There is no shame in an opinion so ambivalent, for lack of greatness ought not to mean a forgotten fate. Over and over music lovers are subjected to the same round of classical symphonies. The Sullivan deserves hearing both for the perspective it would restore on the greatest works and for its own considerable intrinsic worth.

The companion piece on the Symphony recording is the overture Di Ballo. Despite brilliant engineering and adequate musicianship, it remains a mediocre work. Curiously enough, it is the only large non-operetta of Sullivan's that has survived straight through in the repetoire from its composition. It may still be heard occasionally played by the Boston Pops. But it remains an inferior piece, especially when contrasted to the better examples of a form in which Sullivan excelled. The record of Di Ballo and the E-minor Symphony is avoidable for all but the most avid students either of symphonic history or Sullivan's music.

THE situation is quite different with the Tempest and Merchant of Venice incidental music and the In Memoriam overture. In Memoriam is a masterpiece and a monument to the best aspects of Victorian music. Written the same year as the Symphony and dedicated to his recently-deceased father, it builds from a quiet start through a restless central section for strings. The climax at the end is spectacular: the large orchestra (augmented by two extra horns and ophicleide) is joined by the organ. To see the Royal Albert Hall in London and the organ there is to know where In Memoriam belongs.

With or without the requisite architecture, the compressed size of the overture form is a reasonable vehicle for Victorian emotion.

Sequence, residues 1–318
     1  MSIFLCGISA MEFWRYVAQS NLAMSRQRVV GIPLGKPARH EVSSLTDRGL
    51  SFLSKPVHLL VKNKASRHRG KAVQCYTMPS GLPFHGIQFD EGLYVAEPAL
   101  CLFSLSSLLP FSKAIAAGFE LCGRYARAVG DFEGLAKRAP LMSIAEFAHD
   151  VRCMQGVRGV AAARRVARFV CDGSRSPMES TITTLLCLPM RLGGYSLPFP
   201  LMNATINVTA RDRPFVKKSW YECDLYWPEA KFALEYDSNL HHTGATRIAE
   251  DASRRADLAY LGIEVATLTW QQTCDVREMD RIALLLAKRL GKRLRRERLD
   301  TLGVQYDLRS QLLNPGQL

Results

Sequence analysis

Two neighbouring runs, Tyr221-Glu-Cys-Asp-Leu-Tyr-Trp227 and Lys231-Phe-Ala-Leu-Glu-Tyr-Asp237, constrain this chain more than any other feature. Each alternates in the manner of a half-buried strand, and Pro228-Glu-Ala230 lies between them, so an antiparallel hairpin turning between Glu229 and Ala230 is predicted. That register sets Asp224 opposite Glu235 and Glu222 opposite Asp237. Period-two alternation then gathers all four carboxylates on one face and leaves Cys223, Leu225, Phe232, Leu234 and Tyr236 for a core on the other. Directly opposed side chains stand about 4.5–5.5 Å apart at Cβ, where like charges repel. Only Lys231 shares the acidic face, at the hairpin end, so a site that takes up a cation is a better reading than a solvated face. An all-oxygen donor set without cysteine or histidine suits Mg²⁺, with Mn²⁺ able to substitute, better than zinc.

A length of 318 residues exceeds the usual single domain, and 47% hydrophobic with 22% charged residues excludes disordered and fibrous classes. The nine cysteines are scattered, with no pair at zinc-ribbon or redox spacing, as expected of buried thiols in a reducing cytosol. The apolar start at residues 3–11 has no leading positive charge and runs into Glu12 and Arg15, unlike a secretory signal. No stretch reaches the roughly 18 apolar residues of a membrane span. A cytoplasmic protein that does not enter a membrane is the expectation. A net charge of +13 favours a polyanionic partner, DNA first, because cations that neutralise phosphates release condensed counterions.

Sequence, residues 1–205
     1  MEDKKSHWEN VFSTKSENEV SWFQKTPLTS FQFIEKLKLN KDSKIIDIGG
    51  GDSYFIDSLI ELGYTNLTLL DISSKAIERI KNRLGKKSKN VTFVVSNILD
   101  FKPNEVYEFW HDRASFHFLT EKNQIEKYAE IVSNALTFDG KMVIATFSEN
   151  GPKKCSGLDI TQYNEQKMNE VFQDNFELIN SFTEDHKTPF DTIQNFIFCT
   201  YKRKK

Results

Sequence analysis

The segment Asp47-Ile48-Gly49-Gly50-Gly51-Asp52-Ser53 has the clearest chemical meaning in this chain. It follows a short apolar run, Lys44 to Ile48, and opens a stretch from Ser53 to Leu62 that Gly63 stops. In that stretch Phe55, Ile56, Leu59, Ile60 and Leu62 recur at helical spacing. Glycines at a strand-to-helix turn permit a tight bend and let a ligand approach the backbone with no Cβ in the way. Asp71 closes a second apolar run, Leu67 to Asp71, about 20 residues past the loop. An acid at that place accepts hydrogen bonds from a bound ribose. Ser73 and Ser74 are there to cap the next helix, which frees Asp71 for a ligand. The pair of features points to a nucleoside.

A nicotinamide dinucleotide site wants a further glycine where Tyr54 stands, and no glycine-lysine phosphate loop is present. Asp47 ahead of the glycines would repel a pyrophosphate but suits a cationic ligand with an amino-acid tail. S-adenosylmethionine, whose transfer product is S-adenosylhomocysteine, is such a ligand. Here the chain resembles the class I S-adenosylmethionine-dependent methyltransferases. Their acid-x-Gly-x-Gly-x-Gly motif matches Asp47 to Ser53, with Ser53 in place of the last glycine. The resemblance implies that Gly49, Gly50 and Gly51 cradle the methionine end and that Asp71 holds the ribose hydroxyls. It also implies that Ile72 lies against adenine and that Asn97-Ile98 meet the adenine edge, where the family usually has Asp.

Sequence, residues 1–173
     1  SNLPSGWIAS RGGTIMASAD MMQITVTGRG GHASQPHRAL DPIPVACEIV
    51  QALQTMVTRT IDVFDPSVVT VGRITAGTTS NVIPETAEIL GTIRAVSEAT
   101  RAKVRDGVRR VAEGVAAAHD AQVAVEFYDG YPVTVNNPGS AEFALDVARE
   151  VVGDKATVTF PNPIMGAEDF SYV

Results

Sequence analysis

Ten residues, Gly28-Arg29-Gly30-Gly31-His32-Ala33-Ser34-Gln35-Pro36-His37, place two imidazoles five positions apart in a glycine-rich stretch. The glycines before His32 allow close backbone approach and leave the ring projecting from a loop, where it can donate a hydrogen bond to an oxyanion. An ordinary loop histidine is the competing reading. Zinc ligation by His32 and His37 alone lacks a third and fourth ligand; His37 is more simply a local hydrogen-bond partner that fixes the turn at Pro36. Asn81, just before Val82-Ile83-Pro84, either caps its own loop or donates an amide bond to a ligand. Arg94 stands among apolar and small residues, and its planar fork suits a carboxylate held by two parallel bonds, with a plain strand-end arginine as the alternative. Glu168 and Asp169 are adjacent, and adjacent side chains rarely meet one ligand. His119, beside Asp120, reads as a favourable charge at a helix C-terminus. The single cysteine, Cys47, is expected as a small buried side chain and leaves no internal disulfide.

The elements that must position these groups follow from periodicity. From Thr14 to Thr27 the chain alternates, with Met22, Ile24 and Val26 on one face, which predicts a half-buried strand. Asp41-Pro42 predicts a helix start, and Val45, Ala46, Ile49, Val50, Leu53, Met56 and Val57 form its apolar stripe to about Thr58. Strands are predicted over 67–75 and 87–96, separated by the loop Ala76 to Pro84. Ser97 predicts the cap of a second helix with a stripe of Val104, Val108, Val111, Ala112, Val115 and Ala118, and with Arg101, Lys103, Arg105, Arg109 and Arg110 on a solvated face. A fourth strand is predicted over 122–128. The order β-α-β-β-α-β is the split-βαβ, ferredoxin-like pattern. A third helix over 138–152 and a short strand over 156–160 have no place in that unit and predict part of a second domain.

In a like way, the incidental music excerpts from The Tempest and The Merchant of Venice provide a form commensurate with Sullivan's gifts. All the devices that came to be standard in the Savoy orchestrations are here: the long solo horn calls as bridges the violins doubling waltz themes in octaves and the woodwind chordal sections, to name a very few. From the first bassoon solo in The Merchant, the sound is lively and attractive. Sometimes the geography can be confusing (a Viennese waltz set in Venice is hard to fathom), but the spirit is blithe. Sullivan was clearly best in a light vein; and it is easy to see why his operettas--all "light" in character and often composed in three or four weeks' time--surpassed his more labored creations.

EMI Records did a grave disservice by releasing only instrumental sections of The Tempest. Cutting the vocal sections was an obvious budgeting move that was grossly inartistic. The songs were essential to the work. They are embarrassingly similar to operetta and their beauty is just as impressive.

THE record of incidental music is well worth buying. The playing is first-rate and record production details are outstanding. Complementing notes by Percy Young (author of the best biography of Sullivan to appear) is a cover portrait, the handsome Millais from London's National Portrait Gallery.

The days are past when great Victorian music is ignored solely because of a subjective reaction. There is mediocre music to be found in any period; the weaker should not cloud our appreciation of the better parts. A few pieces survived the turn of the century such as Stainer's great Passion-setting, The Crucifixion. Yet so much was lost and continues to be ignored. EMI has created a legitimate milestone in its two releases of the serious Sullivan. Though the Symphony is more for an historian's taste, the incidental music might well grace any good record collection. Far more attention should be accorded the serious music of the most versatile Victorian composer.